Let me start with a full disclosure. I have never watched an entire Super Bowl game. Not until Sunday. Somehow I managed to skirt the entire sport, and though I probably did show up at the odd Super Bowl party in my 20s just because some of my friends were going, I don’t recall sitting and watching a whole game. (Though I am ready to admit that detail could be — like my ’80s permed hair and massive shoulder pads — lost in the mists of time.)
Part of my excuse is that I lived in the U.K. for 11 years, which explains why I can spend 90 minutes watching men kick a ball back and forth across a field and not expect anyone to score.
In the interests of me trying to break out of my old habits and explore things beyond my comfort zone (call it trying to live beyond the bubble — we all live in bubbles, after all), I thought I’d actually watch the game with my husband while taking down the Christmas decorations (don’t judge).
I went into the experience with an open mind, and admittedly very scant information. (At one point I did ask where the Patriots are from. Apparently, the answer is hidden in the team name.)
I do know something about Tom Brady because he was accused of deflating balls and because he’s married to a supermodel. And I did go to the Patriot Saloon in Manhattan recently, but it’s more about cheap beer than football and since it’s just across the Brooklyn Bridge, it may be more closely connected to the American Revolution when British forces defeated patriot forces under General George Washington at the Battle of Brooklyn. They pull a good pint of Guinness there, just FYI. But I digress.
So, I settle in to watch the game, but after about 20 minutes trying to get excited about it, I realize even the announcers are having trouble mounting any enthusiasm. And it’s then I realize I have the entire Sunday New York Times waiting for me on the coffee table and I haven’t even cracked it open yet.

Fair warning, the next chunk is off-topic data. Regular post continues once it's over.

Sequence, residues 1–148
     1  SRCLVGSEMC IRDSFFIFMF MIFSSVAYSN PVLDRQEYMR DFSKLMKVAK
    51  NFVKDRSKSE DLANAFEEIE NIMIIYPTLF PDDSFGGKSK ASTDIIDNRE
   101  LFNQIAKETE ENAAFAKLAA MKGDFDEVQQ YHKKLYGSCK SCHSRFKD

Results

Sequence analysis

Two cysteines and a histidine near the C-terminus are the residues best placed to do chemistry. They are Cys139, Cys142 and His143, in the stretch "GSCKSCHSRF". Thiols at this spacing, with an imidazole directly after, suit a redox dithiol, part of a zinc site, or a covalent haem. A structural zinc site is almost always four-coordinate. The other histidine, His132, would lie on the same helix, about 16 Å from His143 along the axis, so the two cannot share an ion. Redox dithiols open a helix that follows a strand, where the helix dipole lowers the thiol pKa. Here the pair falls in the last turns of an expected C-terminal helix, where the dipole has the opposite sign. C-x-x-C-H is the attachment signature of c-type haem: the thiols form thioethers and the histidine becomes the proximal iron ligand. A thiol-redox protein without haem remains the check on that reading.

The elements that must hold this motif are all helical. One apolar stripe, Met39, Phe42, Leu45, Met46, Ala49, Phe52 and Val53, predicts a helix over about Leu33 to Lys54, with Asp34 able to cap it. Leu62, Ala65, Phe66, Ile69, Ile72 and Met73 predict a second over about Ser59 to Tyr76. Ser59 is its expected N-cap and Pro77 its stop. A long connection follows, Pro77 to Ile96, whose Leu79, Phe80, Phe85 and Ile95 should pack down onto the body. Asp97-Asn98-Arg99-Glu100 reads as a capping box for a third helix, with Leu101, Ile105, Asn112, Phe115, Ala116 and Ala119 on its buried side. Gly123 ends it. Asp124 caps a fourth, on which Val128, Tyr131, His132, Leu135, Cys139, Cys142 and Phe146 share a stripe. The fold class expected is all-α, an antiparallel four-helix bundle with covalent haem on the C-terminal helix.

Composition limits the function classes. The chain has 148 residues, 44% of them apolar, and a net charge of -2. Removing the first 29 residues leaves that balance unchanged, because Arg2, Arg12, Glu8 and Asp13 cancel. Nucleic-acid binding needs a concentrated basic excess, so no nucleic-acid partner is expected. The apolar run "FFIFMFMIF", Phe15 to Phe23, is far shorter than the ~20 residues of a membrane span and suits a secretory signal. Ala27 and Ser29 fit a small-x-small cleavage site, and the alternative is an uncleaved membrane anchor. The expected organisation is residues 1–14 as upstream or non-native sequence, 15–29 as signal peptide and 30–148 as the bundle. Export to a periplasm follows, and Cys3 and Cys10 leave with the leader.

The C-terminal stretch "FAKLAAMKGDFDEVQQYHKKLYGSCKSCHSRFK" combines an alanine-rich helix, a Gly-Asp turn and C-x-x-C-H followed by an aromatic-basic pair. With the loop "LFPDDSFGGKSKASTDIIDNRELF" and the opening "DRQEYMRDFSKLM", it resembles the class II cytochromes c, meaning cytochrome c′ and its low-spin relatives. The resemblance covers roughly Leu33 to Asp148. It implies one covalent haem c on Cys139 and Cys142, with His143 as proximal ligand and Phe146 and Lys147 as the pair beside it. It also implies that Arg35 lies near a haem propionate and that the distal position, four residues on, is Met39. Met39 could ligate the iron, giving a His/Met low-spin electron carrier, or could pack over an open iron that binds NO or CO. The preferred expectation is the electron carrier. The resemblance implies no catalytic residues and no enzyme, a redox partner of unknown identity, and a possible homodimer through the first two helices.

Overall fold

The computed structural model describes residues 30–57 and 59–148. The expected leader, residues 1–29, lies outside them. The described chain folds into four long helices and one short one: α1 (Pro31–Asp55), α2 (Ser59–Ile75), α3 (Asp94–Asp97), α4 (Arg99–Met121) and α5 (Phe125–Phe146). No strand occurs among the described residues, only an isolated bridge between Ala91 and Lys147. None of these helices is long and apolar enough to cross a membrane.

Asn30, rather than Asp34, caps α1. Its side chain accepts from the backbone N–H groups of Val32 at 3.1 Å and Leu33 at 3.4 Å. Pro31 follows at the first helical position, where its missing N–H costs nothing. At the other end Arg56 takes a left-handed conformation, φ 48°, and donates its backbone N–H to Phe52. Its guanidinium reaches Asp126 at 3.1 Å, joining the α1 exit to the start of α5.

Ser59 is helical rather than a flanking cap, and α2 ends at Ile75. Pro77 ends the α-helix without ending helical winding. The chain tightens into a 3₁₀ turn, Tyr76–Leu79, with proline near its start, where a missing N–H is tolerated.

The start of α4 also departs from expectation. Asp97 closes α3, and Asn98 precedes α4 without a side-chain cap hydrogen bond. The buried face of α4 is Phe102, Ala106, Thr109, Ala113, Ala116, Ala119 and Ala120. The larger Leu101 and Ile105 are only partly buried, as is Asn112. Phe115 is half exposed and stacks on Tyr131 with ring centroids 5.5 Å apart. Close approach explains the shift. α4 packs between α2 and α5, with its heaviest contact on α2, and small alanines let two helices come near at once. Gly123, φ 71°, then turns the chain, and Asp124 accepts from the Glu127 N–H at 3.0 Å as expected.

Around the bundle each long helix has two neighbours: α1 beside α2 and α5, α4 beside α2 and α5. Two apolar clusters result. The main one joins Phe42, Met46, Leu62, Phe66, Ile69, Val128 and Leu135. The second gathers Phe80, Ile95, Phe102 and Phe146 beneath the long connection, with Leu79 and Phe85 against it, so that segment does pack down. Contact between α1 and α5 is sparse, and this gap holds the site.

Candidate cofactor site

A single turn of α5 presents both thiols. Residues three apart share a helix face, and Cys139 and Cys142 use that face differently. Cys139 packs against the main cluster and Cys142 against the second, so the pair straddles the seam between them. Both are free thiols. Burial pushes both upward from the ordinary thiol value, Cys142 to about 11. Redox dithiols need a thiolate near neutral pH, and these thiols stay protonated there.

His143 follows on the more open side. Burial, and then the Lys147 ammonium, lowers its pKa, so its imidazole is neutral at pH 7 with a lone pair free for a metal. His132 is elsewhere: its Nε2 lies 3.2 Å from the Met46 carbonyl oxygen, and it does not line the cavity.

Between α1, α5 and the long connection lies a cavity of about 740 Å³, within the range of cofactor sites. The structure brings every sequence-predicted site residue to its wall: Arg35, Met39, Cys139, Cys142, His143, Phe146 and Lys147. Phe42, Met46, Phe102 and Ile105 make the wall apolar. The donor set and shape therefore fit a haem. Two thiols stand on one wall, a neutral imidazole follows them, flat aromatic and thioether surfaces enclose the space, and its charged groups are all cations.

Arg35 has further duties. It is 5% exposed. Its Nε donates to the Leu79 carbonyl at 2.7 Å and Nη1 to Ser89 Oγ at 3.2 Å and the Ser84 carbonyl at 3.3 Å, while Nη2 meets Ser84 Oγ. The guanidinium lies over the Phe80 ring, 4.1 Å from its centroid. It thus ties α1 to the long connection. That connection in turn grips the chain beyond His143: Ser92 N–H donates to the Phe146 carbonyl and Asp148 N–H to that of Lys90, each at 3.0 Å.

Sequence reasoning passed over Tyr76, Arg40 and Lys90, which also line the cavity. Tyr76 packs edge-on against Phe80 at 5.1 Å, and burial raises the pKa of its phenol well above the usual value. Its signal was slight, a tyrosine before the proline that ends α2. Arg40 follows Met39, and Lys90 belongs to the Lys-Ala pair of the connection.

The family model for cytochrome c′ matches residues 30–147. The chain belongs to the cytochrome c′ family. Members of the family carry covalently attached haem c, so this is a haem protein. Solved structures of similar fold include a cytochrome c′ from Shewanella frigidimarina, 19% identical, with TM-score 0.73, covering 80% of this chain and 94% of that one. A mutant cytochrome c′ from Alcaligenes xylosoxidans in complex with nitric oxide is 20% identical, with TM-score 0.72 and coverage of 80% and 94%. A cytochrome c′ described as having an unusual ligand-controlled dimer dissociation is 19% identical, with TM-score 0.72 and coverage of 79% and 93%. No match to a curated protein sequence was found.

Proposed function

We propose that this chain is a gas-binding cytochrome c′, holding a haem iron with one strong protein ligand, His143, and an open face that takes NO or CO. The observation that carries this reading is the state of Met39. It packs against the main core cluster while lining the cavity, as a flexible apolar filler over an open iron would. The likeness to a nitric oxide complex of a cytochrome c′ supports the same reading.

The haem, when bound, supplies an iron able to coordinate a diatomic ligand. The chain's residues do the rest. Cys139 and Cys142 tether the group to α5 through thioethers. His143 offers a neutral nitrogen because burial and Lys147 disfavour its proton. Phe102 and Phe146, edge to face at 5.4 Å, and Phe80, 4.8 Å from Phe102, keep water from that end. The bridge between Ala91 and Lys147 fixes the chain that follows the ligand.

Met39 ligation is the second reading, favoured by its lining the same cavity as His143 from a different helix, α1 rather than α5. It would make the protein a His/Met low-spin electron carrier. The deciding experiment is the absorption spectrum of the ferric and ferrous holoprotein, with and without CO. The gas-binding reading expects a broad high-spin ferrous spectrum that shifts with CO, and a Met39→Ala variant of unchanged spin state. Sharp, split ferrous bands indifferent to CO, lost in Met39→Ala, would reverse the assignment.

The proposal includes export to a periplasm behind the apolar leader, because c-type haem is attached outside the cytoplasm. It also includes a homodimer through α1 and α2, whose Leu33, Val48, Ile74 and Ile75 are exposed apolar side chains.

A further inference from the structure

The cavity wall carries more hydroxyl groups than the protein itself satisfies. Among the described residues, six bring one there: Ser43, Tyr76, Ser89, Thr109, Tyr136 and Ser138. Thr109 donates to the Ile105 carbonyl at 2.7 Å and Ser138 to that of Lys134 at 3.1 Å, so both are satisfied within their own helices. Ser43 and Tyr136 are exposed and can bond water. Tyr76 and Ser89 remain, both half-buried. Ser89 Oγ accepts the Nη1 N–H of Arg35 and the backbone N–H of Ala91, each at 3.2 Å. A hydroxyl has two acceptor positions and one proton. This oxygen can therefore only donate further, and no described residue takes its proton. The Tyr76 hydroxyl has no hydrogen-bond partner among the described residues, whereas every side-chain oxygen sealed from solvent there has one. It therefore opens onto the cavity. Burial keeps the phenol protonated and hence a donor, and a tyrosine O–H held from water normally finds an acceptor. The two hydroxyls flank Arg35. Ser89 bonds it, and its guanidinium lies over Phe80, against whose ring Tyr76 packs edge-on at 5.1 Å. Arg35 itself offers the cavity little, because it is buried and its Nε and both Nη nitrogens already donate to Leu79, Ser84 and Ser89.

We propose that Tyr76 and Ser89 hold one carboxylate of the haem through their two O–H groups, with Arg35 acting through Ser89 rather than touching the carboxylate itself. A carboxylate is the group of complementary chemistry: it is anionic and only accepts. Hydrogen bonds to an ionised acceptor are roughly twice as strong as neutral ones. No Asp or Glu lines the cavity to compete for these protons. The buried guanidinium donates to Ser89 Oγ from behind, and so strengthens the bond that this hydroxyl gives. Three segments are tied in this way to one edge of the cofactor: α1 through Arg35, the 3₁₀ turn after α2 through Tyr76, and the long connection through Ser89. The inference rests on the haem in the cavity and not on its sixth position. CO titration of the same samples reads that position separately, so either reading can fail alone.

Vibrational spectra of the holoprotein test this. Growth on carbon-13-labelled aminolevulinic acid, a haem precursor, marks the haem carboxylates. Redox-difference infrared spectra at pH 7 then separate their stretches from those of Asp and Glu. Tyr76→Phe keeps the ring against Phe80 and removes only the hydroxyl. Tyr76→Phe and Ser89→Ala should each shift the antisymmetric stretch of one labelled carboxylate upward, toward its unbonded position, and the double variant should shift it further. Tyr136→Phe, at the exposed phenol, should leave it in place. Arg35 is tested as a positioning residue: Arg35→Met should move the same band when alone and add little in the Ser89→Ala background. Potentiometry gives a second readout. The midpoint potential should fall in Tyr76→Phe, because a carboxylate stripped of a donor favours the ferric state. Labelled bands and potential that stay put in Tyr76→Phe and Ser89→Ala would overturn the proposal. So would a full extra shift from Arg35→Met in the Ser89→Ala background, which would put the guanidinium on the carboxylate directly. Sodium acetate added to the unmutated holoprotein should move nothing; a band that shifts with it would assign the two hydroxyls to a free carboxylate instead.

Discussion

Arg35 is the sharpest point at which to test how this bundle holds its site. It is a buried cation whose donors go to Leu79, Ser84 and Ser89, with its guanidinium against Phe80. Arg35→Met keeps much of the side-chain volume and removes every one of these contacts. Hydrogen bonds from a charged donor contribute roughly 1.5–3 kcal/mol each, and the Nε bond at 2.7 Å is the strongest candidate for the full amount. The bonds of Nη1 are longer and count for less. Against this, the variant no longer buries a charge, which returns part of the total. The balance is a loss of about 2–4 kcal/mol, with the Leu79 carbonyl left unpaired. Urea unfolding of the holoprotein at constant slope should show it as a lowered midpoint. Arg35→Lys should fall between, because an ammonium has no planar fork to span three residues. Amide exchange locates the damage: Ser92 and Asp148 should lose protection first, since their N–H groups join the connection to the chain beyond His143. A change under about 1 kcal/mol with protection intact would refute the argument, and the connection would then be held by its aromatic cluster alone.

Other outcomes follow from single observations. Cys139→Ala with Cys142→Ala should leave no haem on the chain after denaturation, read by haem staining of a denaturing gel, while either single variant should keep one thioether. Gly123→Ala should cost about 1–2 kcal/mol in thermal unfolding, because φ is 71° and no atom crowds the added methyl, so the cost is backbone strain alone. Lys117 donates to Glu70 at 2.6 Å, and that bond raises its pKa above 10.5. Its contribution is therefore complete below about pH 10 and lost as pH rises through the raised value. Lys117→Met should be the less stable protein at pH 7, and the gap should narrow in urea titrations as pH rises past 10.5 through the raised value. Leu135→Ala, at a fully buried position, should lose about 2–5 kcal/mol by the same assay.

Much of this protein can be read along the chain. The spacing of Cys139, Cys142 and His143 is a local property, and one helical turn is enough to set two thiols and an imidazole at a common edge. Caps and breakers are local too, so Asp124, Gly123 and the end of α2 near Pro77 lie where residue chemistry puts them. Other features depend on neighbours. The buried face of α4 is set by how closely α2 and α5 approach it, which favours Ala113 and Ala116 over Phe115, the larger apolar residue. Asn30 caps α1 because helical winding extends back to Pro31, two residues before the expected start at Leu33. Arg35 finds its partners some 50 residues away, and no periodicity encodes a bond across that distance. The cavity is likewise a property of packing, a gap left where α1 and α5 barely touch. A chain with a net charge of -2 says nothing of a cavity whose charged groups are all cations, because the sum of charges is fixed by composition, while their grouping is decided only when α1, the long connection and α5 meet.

So I confess I tried a double-screen experience: one eye on the TV, and one eye on the NY Times. (And no eye on the still fully decorated Christmas tree.)
But honestly, I don’t get the hype. I liked all the cool camera angles … if only they had some exciting plays to follow. I had heard the hype about the ads, so that was a bright spot to look out for. Except today, I can’t remember a single one. Oh — wait — I remember hearing that Budweiser isn’t made from corn syrup. Whaattt????
By the time half time rolled around, I was in the car going to pick up my son. I guess I kind of gave up. We both wanted to watch the half-time show because surely that was going to rev up the afternoon. So my husband PVR’d it and when we got back we tried. We really tried. By the time Adam Levine had stripped to his brown-spotted sleeveless undershirt, I was in the kitchen making chocolate chip cookies and my son was yelling at the TV, “What is he even wearing?”
He did — however — recognize Sicko Mode immediately when Travis Scott performed, knowledge that I hope transfers to me and helps up my street cred.
Otherwise, what can I tell you? It was a deflating experience.
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At the end of the game, we weren’t even paying attention anymore. I had picked up the NY Times again and was reading about how some women in Nepal still feel they have to hide themselves away in huts when they are menstruating because they are considered unclean, and several women have died in those huts when they light fires to try to keep warm. How can that be, in 2019? How can there still be places in the world where not only is the Super Bowl like a distant, unreachable galaxy they’ve never heard of, but the amount of money spent on it and the players would build thousands of homes for people who have none and could help elevate the lives of girls and women living in places like Nepal?
So, thanks Super Bowl. I tried to burst out of my bubble. But this time, I failed.
And I still haven’t taken down the Christmas decorations!
Maybe it’s best if I leave them up and try all this again next year.
Award-winning journalist Dawna Friesen is the anchor and executive editor of Global National, the flagship national newscast for Global News.